New nonprofit registering black women to vote

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A successful kickoff event for the nonprofit “Black Girls Vote, Inc.” has further energized the organization and a community that longs to make a difference.

“The kick off was a huge success,” said Monique Lyle, the director of Black Girls Vote, Inc., a local organization designed to represent the concerns and interests of women, particularly young black women between the ages of 18 and 25.

The group held a kickoff event on November 30, 2015, at Western High School in a drive that helped to underscore its vision to improve the lives of black women one vote at a time.

“We registered over 50 students in the morning [alone],” Lyle said. “We held voter registration volunteer training in the evening where over 30 people got certified as voter registration volunteers, and many who attended the 6 p.m. forum had a number of great ideas regarding how we can make inroads to addressing education, quality health care and economic development.”

The kick off event featured appearances by Associated Black Charities CEO Diane Bell McKoy; Western High Principal Michelle White; Purpose for Life Ministries Pastor Dr. NeVor Mitchner; and Community Activist Malacka Reed-El.

Headed by an executive team that includes Morgan State University graduate Kellie P. Easton; Baltimore native Edward Clark, II; Spelman graduate Tamyra Garcia and others, Black Girls Vote, Inc. officials say they are pursuing an intensive grassroots effort to recruit, train and educate young black women on the election process and political issues impacting them and their families in Baltimore City.

Lyle cited a 2012 Center for American Progress report that indicated that black women voted at a higher rate than any other group— across gender, race and ethnicity— and along with other women of color, played a key role in the reelection of President Barack Obama.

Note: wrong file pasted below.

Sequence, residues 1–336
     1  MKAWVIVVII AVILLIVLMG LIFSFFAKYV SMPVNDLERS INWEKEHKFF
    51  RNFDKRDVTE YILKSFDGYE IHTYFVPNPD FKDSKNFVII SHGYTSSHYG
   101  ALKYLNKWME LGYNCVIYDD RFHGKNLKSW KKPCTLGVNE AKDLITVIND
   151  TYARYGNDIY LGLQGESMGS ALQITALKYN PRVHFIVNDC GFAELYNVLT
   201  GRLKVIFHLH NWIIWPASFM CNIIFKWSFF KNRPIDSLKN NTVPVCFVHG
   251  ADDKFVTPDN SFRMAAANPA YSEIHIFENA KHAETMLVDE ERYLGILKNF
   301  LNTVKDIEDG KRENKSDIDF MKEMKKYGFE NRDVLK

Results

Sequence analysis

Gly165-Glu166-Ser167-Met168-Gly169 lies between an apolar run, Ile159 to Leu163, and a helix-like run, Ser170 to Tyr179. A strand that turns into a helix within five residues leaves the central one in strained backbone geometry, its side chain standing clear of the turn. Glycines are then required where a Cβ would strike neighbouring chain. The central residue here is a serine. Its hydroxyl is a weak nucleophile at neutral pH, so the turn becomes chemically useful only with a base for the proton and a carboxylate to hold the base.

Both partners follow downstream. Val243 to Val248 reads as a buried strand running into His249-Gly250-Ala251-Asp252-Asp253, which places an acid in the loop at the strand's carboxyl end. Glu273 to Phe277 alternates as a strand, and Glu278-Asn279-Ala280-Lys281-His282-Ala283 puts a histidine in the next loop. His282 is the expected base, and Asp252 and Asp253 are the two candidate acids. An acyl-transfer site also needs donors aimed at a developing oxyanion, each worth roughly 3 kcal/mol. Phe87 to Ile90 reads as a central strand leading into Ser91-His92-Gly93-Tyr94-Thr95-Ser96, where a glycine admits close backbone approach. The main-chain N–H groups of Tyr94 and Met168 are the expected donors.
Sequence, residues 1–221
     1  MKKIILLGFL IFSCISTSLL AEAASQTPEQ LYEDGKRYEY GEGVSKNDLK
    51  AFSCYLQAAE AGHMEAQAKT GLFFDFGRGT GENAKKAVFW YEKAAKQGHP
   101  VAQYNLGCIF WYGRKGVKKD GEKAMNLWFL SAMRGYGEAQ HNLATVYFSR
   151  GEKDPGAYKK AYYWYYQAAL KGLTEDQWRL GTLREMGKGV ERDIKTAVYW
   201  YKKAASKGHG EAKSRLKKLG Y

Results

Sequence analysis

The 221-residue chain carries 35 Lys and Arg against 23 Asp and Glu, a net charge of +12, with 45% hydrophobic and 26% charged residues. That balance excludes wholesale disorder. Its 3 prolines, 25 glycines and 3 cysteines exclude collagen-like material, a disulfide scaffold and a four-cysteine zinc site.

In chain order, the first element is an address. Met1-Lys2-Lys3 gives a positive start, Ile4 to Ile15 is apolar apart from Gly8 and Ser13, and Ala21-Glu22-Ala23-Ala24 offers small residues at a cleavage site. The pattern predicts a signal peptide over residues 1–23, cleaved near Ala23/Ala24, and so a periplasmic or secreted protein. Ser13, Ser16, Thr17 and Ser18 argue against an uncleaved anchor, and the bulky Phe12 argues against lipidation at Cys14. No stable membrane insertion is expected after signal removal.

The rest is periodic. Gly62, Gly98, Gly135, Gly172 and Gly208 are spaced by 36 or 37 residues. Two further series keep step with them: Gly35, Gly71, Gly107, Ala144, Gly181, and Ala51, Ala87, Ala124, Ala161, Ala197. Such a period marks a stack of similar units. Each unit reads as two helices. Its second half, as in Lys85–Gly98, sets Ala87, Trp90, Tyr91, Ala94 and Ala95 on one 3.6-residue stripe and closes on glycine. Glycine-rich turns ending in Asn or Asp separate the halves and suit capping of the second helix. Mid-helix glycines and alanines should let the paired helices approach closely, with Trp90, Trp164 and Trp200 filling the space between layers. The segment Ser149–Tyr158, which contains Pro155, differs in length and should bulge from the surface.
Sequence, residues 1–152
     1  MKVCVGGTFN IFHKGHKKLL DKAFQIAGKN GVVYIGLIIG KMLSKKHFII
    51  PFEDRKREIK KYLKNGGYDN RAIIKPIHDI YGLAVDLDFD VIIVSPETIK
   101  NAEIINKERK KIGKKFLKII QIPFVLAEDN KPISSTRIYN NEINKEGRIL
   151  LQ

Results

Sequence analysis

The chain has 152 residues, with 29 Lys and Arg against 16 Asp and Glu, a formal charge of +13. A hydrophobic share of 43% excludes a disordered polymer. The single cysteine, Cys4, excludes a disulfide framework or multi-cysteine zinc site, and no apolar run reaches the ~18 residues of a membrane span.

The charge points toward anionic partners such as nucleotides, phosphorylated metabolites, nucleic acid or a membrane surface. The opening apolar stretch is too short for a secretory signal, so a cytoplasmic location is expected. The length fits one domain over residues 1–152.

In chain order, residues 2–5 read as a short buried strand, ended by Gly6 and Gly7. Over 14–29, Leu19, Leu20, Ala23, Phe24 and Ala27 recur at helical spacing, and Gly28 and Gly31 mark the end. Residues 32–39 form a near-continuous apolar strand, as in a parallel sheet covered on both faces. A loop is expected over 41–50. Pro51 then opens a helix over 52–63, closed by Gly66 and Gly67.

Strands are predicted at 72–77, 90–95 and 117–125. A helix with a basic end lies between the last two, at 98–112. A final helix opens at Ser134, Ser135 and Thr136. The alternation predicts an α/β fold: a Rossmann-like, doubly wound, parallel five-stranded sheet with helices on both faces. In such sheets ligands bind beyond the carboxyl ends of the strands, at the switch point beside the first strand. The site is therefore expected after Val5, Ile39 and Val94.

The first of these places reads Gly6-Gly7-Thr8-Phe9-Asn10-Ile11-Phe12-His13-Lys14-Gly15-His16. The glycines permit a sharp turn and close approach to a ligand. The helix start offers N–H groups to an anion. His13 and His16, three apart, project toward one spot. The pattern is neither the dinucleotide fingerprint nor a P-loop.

“Our first priority is to train at least 200 women in Baltimore City to conduct voter registration,” said Black Girls Vote, Inc. CEO and Founder Nyki Robinson. “In addition, Black Girls Vote, Inc. will create an agenda in Baltimore City focused on advancing education, economic and health care opportunities for women,” Robinson said.

Founded in October, the organization isn’t affiliated with a political party, but Robinson and Lyle said they are invested in ensuring that black women are well equipped to advance education, economic development, and quality health care and improve outcomes.

“The goal of Black Girls Vote is to close the opportunity gap focusing on family, community and country and lending our collective voice to policies that support Black Girls Vote, Inc. vision, mission and strategic goals to advance education, economic development and advance quality health care while improving outcomes,” Lyle said.

“We are currently working on a high school voter registration and education tour. As those plans are solidified, that information will be on our website.”

For more information about the organization, visit: www.blackgirlsvote.com.